What does your school do about EQAO testing in grade nine math?

Tuesday, November 18, 2014

Triangles in Scratch

The video below is a follow up to the one I made here. This one is not that much different. Instead of drawing a square I show how to draw an equilateral triangle. To me the interesting part of the tutorial is having students play around in scratch to see if they can create an isosceles or scalene triangle. I haven't had a chance to do this in a class yet, but I'm hoping that there will be a lot of trial and error and eventually some students will get close enough. Close enough that they will be able to answer the questions "What is the sum of the angles in any triangle?".

The second challenge is to have students draw a regular pentagon, hexagon, etc. In order to do this they will have to determine the sum of the angles in each of these figures. We've done enough visual patterns that I hope this will be easy for them. I'm hoping this will be a fun way to cover some of the geometry in the grade nine math courses.

Give it a try.

Monday, November 17, 2014

Playing With Rectangles

I'm currently teaching my grade 9 students about linear relationships. We create scatter plots, draw lines of best fit, use the information to make predictions and so on. As we came to the end of the unit I felt as though we hadn't done enough. I felt that somehow it would be far more interesting if we could connect this section of the course to another section. The measurement unit seemed like a simple connection.

I gave students 12 straws and asked them to find the rectangle that would give the largest area. They messed around with the straws, made tables and graphs and determined from their graphs what the largest possible area was. Next I gave the 12 linking cubes and asked them to create the rectangle with the smallest perimeter. Again they played, created tables and a graphs but the solution wasn't as obvious.

None of this work is ground breaking or much different from what I have done in the past. The only differences were that I cross pollinated (some might say spiralled) the units. I think this helps show students that mathematics is interconnected, that it's possible for units to have a common thread. The other difference was that I physically gave them objects to manipulate, which is different from how I taught this before. In the past I would have them draw out rectangles. I think something gets lost here. It was very obvious to students what was going on when they were manipulating the physical objects.

Although neither of the graphs were linear it was useful to create them and to discuss what type of correlations there were and read information off the graph. We will revisit this concept again in the measurement unit. I look forward to seeing how well they retain the information.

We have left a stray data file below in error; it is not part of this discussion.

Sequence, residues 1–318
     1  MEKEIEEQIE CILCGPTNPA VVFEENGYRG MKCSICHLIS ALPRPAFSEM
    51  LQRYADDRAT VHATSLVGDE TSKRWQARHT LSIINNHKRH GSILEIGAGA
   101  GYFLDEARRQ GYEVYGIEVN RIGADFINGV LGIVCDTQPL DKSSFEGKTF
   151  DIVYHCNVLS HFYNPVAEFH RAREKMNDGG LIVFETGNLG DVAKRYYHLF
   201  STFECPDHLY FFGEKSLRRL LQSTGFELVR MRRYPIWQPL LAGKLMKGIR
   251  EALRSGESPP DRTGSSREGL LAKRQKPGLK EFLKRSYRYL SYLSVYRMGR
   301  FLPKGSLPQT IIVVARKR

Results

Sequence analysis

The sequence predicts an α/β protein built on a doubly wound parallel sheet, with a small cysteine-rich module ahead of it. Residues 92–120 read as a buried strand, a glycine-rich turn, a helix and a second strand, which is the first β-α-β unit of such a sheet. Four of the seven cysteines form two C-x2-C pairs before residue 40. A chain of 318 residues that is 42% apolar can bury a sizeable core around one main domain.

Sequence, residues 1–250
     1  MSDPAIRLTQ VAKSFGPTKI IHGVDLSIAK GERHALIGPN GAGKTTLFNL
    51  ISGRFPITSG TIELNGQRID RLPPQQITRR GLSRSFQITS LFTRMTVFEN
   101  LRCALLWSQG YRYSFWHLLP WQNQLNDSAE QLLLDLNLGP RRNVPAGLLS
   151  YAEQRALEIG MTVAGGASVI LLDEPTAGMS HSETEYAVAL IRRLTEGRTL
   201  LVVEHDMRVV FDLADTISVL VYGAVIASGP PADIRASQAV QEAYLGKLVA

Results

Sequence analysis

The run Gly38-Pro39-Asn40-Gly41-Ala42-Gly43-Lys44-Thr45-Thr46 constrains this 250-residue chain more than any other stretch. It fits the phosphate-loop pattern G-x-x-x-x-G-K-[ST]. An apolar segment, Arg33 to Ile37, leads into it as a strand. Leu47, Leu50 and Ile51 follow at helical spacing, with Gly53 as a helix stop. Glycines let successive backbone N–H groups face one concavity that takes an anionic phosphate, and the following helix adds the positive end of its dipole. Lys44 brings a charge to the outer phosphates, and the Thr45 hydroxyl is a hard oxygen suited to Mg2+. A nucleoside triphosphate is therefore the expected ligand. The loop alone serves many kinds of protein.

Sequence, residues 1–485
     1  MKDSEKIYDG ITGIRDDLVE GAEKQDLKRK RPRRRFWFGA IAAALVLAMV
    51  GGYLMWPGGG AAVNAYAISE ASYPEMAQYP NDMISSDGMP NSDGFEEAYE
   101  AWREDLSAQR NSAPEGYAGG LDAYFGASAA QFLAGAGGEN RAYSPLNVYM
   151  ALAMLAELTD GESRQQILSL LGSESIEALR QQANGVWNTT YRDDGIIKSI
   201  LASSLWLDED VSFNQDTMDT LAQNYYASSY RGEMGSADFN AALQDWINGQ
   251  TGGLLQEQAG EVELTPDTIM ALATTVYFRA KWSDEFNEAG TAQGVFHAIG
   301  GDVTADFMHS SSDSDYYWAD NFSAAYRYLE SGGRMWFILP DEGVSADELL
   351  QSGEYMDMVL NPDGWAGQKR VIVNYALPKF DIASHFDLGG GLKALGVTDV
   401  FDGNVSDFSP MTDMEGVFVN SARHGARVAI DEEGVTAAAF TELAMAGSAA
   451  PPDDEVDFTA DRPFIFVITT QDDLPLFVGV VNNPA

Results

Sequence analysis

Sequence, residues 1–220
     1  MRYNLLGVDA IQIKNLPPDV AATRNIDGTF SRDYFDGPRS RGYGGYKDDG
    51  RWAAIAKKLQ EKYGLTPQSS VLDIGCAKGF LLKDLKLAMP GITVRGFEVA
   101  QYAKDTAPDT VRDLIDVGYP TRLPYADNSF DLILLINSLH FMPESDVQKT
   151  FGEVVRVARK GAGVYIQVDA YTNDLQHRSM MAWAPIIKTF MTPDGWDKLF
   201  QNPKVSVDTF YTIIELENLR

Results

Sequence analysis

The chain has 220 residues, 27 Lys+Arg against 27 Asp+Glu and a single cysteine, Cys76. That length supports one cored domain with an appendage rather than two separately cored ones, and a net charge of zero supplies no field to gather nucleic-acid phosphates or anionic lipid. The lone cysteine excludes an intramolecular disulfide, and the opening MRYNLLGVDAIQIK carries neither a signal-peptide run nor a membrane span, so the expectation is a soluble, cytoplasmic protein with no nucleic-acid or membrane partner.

As a side note, the graph of the maximum area was a parabola as expected. Without thinking too much about it, I expected the perimeter to do the same. As I saw students' graphs I wondered why they were the shape they were. I did the algebra and recalled that the resulting function was a rational function. Looks like a good problem for the grade 12 students. Tomorrow: Determine the function that minimizes the perimeter of a rectangle.

Saturday, November 15, 2014

Let's Start Coding

The second week in December is Computer Science Education Week (CSEd Week). I get really excited about this because more teachers start talking about coding. The trouble with this event is that it often seems to be a one off event. Teachers give up an hour of their curriculum time to participate and once the hour is done they tend to move on. It's great that they participate but it could easily become part of any teacher's curriculum. I realize that it's "one more thing" to do but it can be very engaging for students and I believe that it really helps develop skills that are useful in many disciplines both in and out of the class.

Why are teachers not extending coding into their regular routines? I think for many of them it's about comfort. The Hour of Code tutorials are great. They are well laid out and could be coordinated by anyone. If you're going to start building coding into your classes, however,  you need to understand the tools a bit and you also have to find a way to weave in some curriculum expectations. No small task.

Brian Aspinall is a teacher who has not only embraced coding in his class but has taken it upon himself to help other teachers see how their students can code and meet curriculum expectations at the same time. He uses Scratch, which is really easy to use. You can find his videos here.

Brian's work had inspired me to play around more with Scratch and to find more ways to work it into the curriculum. I've decided to create videos that introduce some coding ideas but also create a challenge for teachers (or students) to work through. Hopefully, some teachers out there will decide to follow up on the challenges. If not, at the very least I will have thought more about how coding can be woven into my courses.

If you're interested in integrating computer science into your curriculum check out the #CSk8 hashtag.

Here's my first video. 

Friday, November 14, 2014

Trigonometric Regressions with Desmos